Sage Health opening doors in Central Arkansas

by George Jared ([email protected]) 794 views 

Sage Health CEO John Haskell’s father was hospitalized for more than a month and the care he received was inadequate, he believed. His primary care provider was absent, and some of the medical professionals that attended him didn’t bother to read his medical records.

At one point, his father suffered from an accidental medication overdose due to a pharmacy error. Haskell decided he wanted to try and create a better option for seniors and their families. Sage Health, based in Nashville, Tenn., was born.

Three Sage Health centers will be opened by the end of the year in Central Arkansas, the company recently announced. One center opened in North Little Rock in late October and two more centers will be opened later this year in Little Rock and Bryant.

“Sage Health was founded to open doors to better health for all seniors,” said John Haskell. “This is not a conventional doctor’s office – these are highly equipped and comfortable centers led by highly trained physicians experienced with complex health needs.”

Through Sage, patients will have access to holistic primary care, cardiology, and wellness services. It will also offer on-site community amenities including social activities, fitness and nutrition counseling, and mental health services.

“Seniors often have complex medical and social needs, and it takes time to fully address those,” said Michael Davidson, Sage Health chief medical officer. “It’s important that patients have the opportunity to fully understand their diagnosis and treatment options and know they are not alone in their health journey.”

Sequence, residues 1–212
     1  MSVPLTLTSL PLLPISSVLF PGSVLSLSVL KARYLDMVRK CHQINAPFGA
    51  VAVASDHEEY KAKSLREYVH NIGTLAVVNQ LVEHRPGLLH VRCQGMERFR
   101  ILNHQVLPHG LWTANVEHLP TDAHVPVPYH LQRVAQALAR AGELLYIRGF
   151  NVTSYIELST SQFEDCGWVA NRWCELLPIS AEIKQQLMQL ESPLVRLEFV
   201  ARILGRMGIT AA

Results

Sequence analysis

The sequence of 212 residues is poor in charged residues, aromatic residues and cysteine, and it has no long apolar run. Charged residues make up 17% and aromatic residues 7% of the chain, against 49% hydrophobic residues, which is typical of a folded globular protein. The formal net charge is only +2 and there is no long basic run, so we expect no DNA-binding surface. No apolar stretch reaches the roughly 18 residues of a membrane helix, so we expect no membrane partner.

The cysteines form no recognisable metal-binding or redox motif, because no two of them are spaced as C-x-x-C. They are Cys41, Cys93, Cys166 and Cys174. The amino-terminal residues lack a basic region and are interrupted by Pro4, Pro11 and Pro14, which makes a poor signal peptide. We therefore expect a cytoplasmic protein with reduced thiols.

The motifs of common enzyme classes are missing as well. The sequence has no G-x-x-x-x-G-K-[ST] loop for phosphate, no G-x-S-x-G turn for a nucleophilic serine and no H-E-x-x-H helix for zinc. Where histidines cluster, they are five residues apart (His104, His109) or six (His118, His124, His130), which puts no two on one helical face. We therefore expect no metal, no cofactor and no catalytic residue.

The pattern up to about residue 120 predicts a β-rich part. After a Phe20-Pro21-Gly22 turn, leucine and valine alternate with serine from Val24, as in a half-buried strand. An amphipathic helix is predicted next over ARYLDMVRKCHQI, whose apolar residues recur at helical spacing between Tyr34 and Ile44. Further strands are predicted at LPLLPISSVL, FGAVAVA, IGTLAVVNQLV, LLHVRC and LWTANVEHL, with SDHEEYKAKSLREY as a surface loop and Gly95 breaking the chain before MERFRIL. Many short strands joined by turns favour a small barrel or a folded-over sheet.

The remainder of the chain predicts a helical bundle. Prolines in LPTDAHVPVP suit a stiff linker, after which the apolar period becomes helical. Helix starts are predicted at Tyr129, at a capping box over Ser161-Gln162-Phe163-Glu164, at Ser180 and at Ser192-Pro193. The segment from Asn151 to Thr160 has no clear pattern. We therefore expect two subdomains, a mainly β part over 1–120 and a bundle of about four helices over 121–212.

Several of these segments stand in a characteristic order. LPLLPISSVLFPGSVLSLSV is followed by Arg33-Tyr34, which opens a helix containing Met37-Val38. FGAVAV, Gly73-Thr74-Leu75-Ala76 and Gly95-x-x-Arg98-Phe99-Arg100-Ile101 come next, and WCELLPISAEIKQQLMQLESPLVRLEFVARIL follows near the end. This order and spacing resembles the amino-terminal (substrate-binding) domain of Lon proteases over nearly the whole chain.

Each center is equipped with diagnostics and treatments for chronic conditions such as heart disease, diabetes, lung disease, kidney disease, stroke, and Alzheimer’s. Sage Health staff coordinates specialist care.

Each center will have activity rooms and spaces to offer social activities, fitness programs, nutrition programs, mental health services, and community service opportunities. Fitness classes are offered on-site for such activities as cardio dance, tai chi, yoga, and bodyweight strength training. An acupuncture/acupressure therapist can assist patients with mild pain management, nerve disorders, and general wellness.

The company serves a niche market as compared to their competitors, Market Medical Director Dr. Mark Malloy said.

“One of the differences, we accept Medicare Advantage plans only, but you can have Medicare Advantage plus Medicaid, and that’s acceptable as well. So it’s kind of a narrow market. These folks are obviously Medicare age and above. They’re elderly,” he said. “Another thing that sets us apart is that each provider will be limited to 400 patients. Most providers in America have 1,500 to 2,000 patients.”

One problem area for many seniors happens after they get discharged from a hospital or clinic, Malloy said. Many have questions about the medications they’ve been prescribed or other questions about what afflicts them.

“We want to get those folks plugged back in here so that we can knit together all those different interactions they’ve had with the medical community,” he said.

Company officials wanted emphasize the centers are not Urgent Care or similar care facilities. Sage Health centers are a senior center, physician clinic, and concierge healthcare facility wrapped into one. They will even arrange transportation for patients if it’s needed.

Earlier this year, Sage Health announced plans to open 11 senior health and wellness centers in Alabama, Arkansas, Maryland and Mississippi. Sage plans to open more clinics throughout Arkansas in the future.

Recruiting patients for a healthcare startup is a labor-intensive task, said Dreia Fuller, area sales manager.

“We are feet on the street, and when I say that we’re feet on the street, we are any place that we think seniors will be. We have different meet-and-greet lunch-and-learns with them at senior assisted living centers, assisted living centers, independent living centers, health fairs. We establish health fairs. We have different activities where we invite them into our centers to take tours of the center, to get a chance to meet the physicians, to get a chance to meet the staff,” she said.

Editor’s note: Roby Brock contributed to this story.